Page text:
A r c h i v e d  I n f o r m a t i o n

January 19, 2001


TO: Chief State School Officers

FROM: Michael Cohen
Assistant Secretary for Elementary and Secondary Education

SUBJECT: Review of State Assessment Systems for Title I

On this final day of the Clinton Administration, I would like to update you on our review of State final assessment systems under Title I. As you know, ensuring that States meet these requirements has been a top priority of mine, as well as of Secretary Riley. These requirements provide the foundation for the largest Federal elementary and secondary education program, and are a critical element in the framework for education reform in virtually every State and local school system. Their effective implementation is crucial to the effectiveness of Title I and to efforts nationwide to improve academic achievement for all students.

I want to thank each of you and your staffs for the tremendous effort, cooperation and patience you have demonstrated during this review process. Every State met the deadline for submitting descriptions of its assessment system. The review of these materials involved significant amounts of staff time in each State as well as in our office, and a good deal of communication and cooperation between State and Education Department staff. This effort was important so that we could be sure we fully understood, in some detail, each State's assessment system, the progress it had made, and the obstacles and challenges it faced.

In making final decisions, I have tried to make sure that we (1) remained focused on our primary objective of helping each State fully meet the Title I requirements; (2) took an evenhanded and consistent approach among the States even while recognizing significant differences among them; and (3) tried, whenever possible, to help each State meet the requirements in a fashion that was most consistent with its own needs, framework and approach to standards, assessments and accountability.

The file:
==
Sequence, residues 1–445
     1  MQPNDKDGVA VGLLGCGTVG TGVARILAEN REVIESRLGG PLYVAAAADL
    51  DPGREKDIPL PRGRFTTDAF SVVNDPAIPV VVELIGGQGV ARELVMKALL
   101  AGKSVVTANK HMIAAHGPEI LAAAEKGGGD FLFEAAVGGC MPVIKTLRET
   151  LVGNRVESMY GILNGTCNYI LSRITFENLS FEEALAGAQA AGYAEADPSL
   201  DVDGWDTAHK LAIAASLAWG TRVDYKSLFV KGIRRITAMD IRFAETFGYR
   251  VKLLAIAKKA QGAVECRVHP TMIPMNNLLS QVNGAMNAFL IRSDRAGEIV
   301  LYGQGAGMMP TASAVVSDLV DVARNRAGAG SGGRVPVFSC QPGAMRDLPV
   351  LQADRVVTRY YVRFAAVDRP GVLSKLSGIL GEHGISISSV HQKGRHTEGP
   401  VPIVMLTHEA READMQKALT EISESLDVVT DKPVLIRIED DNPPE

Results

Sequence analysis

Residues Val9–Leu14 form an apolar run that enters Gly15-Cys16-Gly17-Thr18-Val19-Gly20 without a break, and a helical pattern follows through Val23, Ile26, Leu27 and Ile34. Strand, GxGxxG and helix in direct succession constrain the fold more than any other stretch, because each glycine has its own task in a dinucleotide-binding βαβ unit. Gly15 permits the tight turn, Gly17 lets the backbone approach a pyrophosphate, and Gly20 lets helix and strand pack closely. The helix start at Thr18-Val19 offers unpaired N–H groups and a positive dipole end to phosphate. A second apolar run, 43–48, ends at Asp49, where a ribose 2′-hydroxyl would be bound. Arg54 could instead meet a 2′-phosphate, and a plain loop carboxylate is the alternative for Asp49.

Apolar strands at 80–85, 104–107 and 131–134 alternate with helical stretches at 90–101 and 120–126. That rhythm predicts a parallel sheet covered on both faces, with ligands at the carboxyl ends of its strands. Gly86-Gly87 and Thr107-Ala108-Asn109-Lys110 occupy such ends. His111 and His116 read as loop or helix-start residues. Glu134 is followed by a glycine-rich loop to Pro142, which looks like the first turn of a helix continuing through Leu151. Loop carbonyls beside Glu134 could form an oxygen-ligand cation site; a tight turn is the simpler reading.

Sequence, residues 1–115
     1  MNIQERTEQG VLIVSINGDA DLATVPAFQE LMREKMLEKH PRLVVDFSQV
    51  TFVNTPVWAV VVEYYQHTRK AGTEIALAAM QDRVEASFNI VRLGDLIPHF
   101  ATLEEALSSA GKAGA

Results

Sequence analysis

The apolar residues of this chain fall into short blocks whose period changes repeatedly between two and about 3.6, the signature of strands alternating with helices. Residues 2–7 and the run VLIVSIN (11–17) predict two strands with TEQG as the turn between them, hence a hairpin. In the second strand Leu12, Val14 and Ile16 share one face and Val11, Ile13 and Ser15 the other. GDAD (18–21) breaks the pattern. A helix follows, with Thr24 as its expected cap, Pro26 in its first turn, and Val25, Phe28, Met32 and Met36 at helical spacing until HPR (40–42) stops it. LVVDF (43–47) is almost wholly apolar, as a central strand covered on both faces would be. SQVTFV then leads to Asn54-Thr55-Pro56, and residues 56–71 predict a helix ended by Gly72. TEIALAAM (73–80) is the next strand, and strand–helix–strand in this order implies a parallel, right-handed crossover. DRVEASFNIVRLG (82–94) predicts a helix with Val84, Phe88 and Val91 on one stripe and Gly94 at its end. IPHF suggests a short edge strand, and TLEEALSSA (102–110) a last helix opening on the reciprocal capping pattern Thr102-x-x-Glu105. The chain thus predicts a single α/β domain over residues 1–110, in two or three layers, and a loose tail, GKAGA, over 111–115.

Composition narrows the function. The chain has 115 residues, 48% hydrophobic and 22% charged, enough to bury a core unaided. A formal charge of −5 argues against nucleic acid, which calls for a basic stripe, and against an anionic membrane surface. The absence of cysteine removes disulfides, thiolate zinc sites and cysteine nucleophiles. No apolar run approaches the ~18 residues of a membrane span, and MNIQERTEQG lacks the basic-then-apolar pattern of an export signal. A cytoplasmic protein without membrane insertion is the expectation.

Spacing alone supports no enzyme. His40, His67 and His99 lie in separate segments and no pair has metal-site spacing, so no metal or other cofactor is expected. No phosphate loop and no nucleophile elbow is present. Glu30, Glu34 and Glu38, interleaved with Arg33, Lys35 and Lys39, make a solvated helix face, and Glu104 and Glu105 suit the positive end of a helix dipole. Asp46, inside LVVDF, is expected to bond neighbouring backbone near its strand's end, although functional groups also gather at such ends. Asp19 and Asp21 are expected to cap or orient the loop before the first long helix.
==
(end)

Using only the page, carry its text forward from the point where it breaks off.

As of today, I have made decisions on 34 States. The remainder are still under review and that process will continue without interruption during the change in Administration. For a number of the remaining States, our staff is working with State staff to ensure we have complete information on the State assessment system. I expect that decisions on a number of additional States will be made in the next several weeks, and that the entire process will be completed by early Spring.

The chart below summarizes the decisions that have been made.


Number of States


Full Approval

11 States

Delaware, Indiana, Kansas, Louisiana, Maryland, Massachusetts, Pennsylvania, Rhode Island, Vermont, Virginia, Wyoming

Conditional Approval

(Full Approval expected by Spring 2001)

6 States

Kentucky, Missouri, North Carolina, Oregon, , Texas, Washington

Timeline Waiver

14 States

Colorado, Connecticut, Georgia, Hawaii, Maine, Mississippi, Nebraska, Nevada, New Hampshire, New York, North Dakota, Ohio, South Carolina, South Dakota

Compliance Agreement

3 States

California, West Virginia, Wisconsin

Still Under Review

18 States

Alabama, Alaska, Arizona, Arkansas, District of Columbia, Florida, Idaho, Illinois, Iowa, Michigan, Minnesota, Montana, New Jersey, New Mexico, Oklahoma, Puerto Rico, Tennessee, Utah,

Issues Facing States